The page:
The suspension might be basic and lack adjustability but both ends handled well as we swung through those corners at high speeds. They also soaked up the bumps from the red speed-breaker lines painted across the lanes, without the bike threatening to go wide.

We switched bikes again when we stopped for fuel at Gunung Semanggol, and I got the K 1600 GT tourer this time. But I jumped on the chance to ride the Urban G/S again on our way to the Nightfuel venue.

Penang’s traffic was clear when we left G. Hotel at Gurney Drive, but it was a total gridlock when we reached the coastal highway leading to the old Penang Bridge. It was so bad that even small bikes found it hard to get through. Sep would later say, “It looked like a scene from a disaster movie. It’s like everyone in Penang was running away from a catastrophic event!”

I managed to hook on to the back of a group of local R 1200 GS riders as they blazed a trail by using the motorcycle lane. It was here that I truly appreciated the R nineT Urban G/S’s agility. It was stable while cutting lanes at crawling speeds even at full handlebar lock. Helping along was the progressive clutch lever and engine’s smooth, low down torque. The brakes were strong and progressive, without being too aggressive.

We hit the clear past the bridge. Then the heaviest rain came down out of nowhere!

My riding gear had gotten wet on the way into Penang and I’ve left them to dry back in the hotel, so I was in my long-sleeve BMW GS Trophy T-shirt and, I’ve got the DSLR hanging in the rain! There’s only one thing left to do.


I pushed past 130, 140, 150km/h while the rain slammed onto my skin like cold needles from the left. Yet, the R nineT Urban G/S remained stable. With my head slightly down behind the screen, knees and elbows tucked in, there was surprisingly little wind blast.

I parked at the first space in sight when I reached the event ground (in first place, just like Rahier, I’d like to think) and ran inside. It was only during the launch that it occurred to me that I was riding the country’s first registered BMW R nineT Urban G/S with such abandon.

Anyhow, an acquaintance in Penang met up with me later that night and we rode into town.

Penang’s roads seemed to have deteriorated somewhat and they were bumpy everywhere. Ridden at speeds of 60km/h above, the R nineT Urban G/S’s suspension glided over the bumps and potholes, but they felt a little stiff below that speed. So ride faster! Still, the pillion didn’t complain about being bumped around, since she’s much lighter than me.

Back in Kuala Lumpur where the traffic moves at a faster rate and the roads are wider, the R nineT Urban G/S had no trouble with whatever road surface it encountered. Big bumps and potholes were taken while standing up on the pegs, and they felt like road pimples and dimples. I was fully in tune with the bike by then and riding felt very natural.

Additionally, true to its Euro 4 rating and BMW Motorrad’s principle of building economical bikes, the full tank of gas from the Tapah R&R lasted for two more days of urban riding.

The BMW R nineT platform was created to spawn more variants and it was truly refreshing to have the R nineT Urban G/S as a stablemate. It still does retain resemblances to the iconic R80G/S and it positively handled the touring aspect very well. While we didn’t take it offroad, the R nineT Urban G/S met the challenge of rough city roads with aplomb. That is why there’s “Urban” in its name.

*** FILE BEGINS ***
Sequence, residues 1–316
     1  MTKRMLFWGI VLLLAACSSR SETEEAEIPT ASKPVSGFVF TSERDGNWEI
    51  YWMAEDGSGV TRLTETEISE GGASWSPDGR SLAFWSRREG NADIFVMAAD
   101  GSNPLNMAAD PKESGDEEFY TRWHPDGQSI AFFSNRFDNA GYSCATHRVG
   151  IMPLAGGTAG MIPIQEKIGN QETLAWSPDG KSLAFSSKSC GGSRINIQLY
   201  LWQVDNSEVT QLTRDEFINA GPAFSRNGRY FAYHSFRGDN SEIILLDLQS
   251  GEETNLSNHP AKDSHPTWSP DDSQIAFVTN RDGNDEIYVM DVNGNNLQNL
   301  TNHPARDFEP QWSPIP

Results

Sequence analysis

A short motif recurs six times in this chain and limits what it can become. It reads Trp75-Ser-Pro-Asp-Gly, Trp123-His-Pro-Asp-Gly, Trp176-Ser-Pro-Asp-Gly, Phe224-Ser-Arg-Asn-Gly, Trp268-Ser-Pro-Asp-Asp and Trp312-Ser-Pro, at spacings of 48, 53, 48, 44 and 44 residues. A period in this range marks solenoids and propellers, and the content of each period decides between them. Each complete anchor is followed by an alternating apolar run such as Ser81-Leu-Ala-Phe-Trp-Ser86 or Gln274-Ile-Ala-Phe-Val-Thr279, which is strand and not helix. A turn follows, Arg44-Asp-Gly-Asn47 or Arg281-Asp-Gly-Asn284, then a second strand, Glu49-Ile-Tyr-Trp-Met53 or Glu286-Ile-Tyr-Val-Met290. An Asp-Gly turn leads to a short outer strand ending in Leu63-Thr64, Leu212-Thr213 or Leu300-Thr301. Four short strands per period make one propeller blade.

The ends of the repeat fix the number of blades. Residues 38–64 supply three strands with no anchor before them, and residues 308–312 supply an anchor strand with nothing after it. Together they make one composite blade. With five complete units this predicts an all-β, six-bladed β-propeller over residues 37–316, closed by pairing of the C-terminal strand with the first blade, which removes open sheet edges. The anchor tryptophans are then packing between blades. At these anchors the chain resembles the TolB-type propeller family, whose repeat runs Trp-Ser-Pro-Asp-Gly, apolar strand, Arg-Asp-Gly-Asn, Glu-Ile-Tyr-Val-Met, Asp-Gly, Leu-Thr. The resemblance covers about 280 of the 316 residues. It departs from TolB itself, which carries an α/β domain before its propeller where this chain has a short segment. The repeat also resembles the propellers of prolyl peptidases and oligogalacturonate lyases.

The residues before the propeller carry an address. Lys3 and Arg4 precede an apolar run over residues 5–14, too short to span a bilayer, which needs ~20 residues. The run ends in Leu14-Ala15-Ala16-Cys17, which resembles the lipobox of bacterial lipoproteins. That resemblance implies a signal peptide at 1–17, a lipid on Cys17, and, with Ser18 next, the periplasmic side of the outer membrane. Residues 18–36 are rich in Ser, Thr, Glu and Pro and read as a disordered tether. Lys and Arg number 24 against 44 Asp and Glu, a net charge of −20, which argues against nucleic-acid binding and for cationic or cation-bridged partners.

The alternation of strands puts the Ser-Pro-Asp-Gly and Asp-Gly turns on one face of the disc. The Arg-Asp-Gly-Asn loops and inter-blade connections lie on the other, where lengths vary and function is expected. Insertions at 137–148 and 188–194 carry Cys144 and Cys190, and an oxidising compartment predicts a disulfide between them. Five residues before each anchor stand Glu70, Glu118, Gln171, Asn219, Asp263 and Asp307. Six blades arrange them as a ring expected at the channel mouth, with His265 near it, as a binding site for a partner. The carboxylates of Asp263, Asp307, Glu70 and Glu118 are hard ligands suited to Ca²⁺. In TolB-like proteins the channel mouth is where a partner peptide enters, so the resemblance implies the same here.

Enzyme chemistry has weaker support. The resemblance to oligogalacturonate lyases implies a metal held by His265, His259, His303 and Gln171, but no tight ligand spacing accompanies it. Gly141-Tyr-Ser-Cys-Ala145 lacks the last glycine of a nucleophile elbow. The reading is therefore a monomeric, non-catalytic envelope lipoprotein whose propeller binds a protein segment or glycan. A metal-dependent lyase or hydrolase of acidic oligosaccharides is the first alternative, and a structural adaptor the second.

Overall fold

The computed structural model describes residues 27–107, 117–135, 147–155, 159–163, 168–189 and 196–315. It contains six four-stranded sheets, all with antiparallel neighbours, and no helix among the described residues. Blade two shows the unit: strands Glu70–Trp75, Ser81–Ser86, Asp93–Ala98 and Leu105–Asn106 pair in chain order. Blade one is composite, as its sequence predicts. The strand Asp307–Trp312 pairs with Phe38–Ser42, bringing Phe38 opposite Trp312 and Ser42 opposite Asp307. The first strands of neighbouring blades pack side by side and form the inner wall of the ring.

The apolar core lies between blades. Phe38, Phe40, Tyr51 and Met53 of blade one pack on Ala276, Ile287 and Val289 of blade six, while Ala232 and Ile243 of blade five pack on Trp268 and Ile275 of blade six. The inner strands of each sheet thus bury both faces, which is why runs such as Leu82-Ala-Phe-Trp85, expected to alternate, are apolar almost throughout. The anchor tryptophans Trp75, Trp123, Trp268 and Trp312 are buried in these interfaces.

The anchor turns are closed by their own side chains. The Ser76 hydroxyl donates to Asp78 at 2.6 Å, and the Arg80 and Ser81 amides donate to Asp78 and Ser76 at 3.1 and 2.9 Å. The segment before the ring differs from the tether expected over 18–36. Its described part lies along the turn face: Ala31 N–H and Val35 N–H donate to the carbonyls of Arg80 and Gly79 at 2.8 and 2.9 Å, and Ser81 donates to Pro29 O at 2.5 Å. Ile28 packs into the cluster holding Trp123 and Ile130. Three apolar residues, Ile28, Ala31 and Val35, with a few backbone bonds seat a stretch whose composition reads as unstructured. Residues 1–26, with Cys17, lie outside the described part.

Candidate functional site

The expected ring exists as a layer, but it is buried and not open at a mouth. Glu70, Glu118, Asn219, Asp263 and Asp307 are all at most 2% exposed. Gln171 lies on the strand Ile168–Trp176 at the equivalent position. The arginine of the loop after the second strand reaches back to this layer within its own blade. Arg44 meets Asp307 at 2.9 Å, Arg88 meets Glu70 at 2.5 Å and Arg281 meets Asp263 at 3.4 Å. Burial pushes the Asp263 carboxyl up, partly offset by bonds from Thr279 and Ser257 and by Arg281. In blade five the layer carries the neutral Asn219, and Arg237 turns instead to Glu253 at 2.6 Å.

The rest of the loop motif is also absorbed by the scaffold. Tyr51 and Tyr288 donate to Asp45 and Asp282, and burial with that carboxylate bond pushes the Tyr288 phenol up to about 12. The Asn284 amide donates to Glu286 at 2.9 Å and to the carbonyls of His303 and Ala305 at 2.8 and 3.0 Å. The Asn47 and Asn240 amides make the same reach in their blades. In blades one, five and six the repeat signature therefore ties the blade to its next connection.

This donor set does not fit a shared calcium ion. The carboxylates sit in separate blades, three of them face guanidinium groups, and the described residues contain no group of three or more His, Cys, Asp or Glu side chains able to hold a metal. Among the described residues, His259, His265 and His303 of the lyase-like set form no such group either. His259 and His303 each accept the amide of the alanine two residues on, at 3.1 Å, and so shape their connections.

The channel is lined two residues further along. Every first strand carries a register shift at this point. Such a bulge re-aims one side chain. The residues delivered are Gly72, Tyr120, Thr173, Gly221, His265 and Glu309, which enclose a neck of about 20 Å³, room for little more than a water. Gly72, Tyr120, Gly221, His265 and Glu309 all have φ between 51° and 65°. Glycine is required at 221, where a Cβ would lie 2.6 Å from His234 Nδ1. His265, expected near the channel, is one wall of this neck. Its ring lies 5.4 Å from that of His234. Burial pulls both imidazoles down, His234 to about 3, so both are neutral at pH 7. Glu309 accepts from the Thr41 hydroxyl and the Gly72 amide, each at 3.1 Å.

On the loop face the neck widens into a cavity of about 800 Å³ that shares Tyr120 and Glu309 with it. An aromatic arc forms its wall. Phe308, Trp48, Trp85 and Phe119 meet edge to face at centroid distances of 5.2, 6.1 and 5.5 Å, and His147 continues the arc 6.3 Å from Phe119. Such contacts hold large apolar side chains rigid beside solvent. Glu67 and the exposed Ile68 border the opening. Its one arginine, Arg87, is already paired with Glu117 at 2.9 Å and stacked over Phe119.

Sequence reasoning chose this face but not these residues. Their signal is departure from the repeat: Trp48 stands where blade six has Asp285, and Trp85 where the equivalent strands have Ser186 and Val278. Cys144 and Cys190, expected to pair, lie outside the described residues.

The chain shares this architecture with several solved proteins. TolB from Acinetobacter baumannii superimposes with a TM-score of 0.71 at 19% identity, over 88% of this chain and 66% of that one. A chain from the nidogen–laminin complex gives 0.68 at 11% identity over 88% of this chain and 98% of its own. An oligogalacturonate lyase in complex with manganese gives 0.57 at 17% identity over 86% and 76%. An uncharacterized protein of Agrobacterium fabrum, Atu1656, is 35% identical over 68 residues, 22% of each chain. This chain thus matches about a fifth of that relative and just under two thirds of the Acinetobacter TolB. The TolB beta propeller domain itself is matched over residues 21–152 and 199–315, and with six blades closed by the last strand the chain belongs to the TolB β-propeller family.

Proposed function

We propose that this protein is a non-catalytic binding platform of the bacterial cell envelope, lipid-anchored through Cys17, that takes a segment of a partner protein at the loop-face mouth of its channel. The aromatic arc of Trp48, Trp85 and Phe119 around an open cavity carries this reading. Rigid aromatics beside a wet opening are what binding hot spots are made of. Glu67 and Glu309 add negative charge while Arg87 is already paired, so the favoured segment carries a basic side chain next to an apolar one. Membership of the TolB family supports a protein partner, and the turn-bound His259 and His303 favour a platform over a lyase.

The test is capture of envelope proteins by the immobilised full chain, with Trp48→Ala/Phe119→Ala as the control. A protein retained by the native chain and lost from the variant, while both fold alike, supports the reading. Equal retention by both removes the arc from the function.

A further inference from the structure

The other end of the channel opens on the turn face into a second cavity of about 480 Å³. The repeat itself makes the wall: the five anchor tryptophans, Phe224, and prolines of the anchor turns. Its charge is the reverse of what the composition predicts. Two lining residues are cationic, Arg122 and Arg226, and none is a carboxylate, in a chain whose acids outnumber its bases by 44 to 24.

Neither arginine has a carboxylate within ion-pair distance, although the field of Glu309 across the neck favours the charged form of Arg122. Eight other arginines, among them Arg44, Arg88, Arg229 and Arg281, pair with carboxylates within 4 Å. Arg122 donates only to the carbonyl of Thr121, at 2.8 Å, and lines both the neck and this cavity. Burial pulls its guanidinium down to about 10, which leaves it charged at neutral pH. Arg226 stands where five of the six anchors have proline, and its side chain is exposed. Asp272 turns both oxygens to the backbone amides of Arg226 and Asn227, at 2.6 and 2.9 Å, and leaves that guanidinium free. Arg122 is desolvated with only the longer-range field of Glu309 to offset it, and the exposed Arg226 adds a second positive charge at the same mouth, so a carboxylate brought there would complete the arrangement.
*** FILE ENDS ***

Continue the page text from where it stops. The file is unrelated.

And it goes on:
Honestly, I wasn’t too enamored with it initially but having discovered its character and that it shared the R80G/S genes turned me into a believer.

Besides that, the BMW R nineT Urban G/S is further customizable to your personal tastes – the Lac Rose Concept being an example – letting it stand out from the sea of cookie-cutter styled bikes.



Engine type Air/Oil-cooled, 4-stroke, DOHC, 4 valves per cylinder, horizontally-opposed (Boxer) Twin
Compression ratio 12.0 : 1
Bore X Stroke 101 mm X 73 mm
Displacement 1170 cc
Fuel system Electronic intake pipe injection
Maximum power 110 bhp (81 kW) @ 7550 RPM
Maximum torque 116 Nm @ 6000 RPM
Clutch Single dry plate clutch, hydraulically actuated
Gearbox Constant mesh, 6-speed, shaft drive
Front suspension 43mm telescopic forks, 125mm travel
Rear suspension Single central shock absorber adjustable for preload and rebound damping. 140mm travel
Front brakes Two 320mm floating discs, Brembo four-piston radially-mounted calipers
Rear brake Single 265 mm disc, Brembo two-piston floating caliper
ABS BMW Motorrad ABS, front and rear
Front tyre 120/70-R19
Rear tyre 170/60-R17
Frame Three-part frame consisting of one front and two rear sections; load-bearing engine and transmission; rear set frame removable for single rider
Swingarm Cast aluminium single-sided swingarm with BMW Motorrad Paralever
Trail 110.6 mm
Rake 28.5 degrees
Wheelbase 1527 mm
Seat height 850 mm
Dry weight 209 kg
Fuel capacity 17 litres

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BMW Group Malaysia surprised us earlier this evening after officially introducing two Thai-assembled Motorrad models for the Malaysian market. (more…)

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BMW Motorrad Malaysia has expanded its GS model line up offering for Malaysia by launching its new R1200 GS model recently. Offering superior dynamic handling capabilities, the R1200 GS features several advanced features that promises enhanced touring sustainability and increased performance. (more…)